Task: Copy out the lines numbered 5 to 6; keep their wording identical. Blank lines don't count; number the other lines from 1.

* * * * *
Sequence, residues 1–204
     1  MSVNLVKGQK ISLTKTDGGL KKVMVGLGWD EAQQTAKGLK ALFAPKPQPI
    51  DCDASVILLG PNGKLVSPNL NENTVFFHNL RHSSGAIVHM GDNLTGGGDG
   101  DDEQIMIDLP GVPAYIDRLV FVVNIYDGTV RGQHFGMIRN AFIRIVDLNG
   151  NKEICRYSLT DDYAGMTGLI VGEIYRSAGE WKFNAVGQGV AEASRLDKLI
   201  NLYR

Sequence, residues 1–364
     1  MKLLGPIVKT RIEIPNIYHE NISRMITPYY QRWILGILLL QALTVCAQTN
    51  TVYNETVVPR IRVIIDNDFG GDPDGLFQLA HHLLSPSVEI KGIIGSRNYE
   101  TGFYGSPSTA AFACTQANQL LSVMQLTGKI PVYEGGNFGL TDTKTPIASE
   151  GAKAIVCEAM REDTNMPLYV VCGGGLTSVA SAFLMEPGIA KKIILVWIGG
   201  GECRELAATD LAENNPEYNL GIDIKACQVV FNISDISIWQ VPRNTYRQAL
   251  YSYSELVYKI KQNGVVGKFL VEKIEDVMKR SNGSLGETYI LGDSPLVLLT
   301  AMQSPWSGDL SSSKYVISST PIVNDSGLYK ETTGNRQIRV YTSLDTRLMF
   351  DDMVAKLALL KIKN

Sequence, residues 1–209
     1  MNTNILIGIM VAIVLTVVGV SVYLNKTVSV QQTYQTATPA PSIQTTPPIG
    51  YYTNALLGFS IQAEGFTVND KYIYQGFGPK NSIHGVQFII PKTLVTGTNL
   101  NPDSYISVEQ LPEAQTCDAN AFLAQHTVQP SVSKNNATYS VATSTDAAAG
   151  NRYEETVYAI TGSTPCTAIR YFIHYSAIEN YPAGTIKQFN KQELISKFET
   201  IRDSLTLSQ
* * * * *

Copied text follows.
   151  NKEICRYSLT DDYAGMTGLI VGEIYRSAGE WKFNAVGQGV AEASRLDKLI
   201  NLYR